Are Humans Rational Essay Research Paper Are

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Are Humans Rational? Essay, Research Paper Are humans rational? The human species has well developed cognitive abilities compared to animals. These can be remarkable like language and many other communication systems. Our visual system provides us with excellent vital information for the environment. Besides, through thinking and problem solving, we have adapted the environment to suit us and developed science and technology. Surely, these are evidence of an advanced intelligence humans possess. On the other hand, though, psychological research strongly suggests that humans are irrational. There is a mass of psychological evidence (Kahneman et al., 1982; Baron, 1988; Evans et al., 1993), which show many errors and biases in human reasoning and decision-making. Besides,

everyday life provides us with supportive evidence for human irrationality. Smoking and drink driving is just a couple of them. How did humans achieve so much but are being irrational in so many experimental tasks and many aspects of life? Philosophers and psychologists, troubled by this paradox, suggest that there must either be something wrong with the experimental research as it is or researchers misinterpret the findings. In 1996, Evans and Over proposed another possible solution to the paradox. They argued that there should be a distinction between the uses of the word ?rationality?. They suggested two different uses of the word ?rationality?, rationality1 and rationality2. Rationality1 is used when referring to the rationality on a personal level. In this case, rationality

is satisfied when people successfully achieve the basic goals of survival and communication. Animals and humans share rationality1 that includes the use of early cognitive processes such as memory, perception, problem solving, learning and processes of adaptive and effective thinking. Rationality2, on the other hand, is impersonal and depended on actions based on logic or hypothetical thinking. Rationality2 is exclusive to humans. Laboratory experiments use probability and logic theories to assess rationality2 and find people having difficulties in processing that type of information. An average person is claimed to be systematically wrong in deductive reasoning and judging probabilities. According to Nisbett & Borgida in 1975, ?psychological evidence have bleak implications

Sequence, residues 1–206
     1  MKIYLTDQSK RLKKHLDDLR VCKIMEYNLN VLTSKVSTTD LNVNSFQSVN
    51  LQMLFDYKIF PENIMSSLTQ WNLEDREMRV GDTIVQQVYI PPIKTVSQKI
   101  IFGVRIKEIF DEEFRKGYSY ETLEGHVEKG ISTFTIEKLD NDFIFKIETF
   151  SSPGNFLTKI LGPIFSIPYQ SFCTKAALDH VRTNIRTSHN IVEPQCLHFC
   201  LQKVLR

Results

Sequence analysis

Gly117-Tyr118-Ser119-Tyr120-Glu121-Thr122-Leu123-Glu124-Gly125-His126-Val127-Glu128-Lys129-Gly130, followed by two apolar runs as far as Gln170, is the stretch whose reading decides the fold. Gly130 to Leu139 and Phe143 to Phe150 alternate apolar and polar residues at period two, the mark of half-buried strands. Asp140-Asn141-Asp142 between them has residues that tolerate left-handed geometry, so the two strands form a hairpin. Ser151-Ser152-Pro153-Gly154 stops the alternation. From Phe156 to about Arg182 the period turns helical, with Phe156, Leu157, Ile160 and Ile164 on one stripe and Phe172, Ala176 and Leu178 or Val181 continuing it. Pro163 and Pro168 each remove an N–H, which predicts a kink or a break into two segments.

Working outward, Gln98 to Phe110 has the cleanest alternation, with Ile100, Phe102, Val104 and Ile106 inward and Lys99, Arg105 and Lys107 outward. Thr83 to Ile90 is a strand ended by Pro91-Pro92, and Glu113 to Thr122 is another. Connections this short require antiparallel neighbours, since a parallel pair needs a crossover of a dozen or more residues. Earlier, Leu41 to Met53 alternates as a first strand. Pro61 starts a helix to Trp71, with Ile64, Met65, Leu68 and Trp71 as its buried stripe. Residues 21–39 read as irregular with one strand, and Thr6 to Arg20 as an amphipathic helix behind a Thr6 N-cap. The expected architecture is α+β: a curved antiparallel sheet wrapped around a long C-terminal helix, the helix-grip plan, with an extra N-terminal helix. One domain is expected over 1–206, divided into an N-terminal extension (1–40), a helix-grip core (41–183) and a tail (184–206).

for human rationality? and man is not a reasonable intuitive statician and cannot handle probabilities or making predictions (Kahneman & Tversky, 1972). Found irrational2 in labs, people could still be rational1 in life. In a typical experimental task, participants will be given a set of information to evaluate and reach a conclusion. This is where errors in evaluation or selection of conclusions in deductive problems appear because participants are likely to be influenced/biased by the believability of the conclusion. The ?belief bias? effect, as it is called (Evans et al., 1993), is well established, replicable and is said to produce supportive evidence for human irrationality2. People?s ability for adaptive and effective (rational1) thinking could be, to a certain extent,

an unconscious process and could be responsible for the ?belief bias? effect. The suggestion of unconscious cognitive processes implies that things that are habitual can be very influential, even when people are given instructions to disregard them on a task. In real life, people do not always use logic and probability theories to make a decision. Past experience and individual factors are more likely to influence everyday decision-making. A rational decision would be based on hypothetical thinking and should be made after all the alternative actions are assessed and the most profitable one is chosen. If logic were applied to everyday issues such as smoking, decision-making would be much harder. For example, would it be irrational for a soldier in war to smoke? His health is in